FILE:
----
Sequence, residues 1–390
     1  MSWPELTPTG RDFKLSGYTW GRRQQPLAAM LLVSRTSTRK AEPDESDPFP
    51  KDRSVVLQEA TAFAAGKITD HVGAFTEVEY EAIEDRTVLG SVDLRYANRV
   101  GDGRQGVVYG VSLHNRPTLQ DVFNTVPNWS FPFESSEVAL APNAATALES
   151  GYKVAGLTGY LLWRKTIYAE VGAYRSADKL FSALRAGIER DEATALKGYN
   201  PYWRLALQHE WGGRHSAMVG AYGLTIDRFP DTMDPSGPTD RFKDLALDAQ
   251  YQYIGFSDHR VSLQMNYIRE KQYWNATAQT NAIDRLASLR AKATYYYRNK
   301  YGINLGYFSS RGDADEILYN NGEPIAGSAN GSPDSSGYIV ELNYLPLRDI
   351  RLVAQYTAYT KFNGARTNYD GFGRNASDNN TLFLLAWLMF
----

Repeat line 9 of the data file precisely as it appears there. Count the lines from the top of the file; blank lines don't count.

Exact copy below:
   351  RLVAQYTAYT KFNGARTNYD GFGRNASDNN TLFLLAWLMF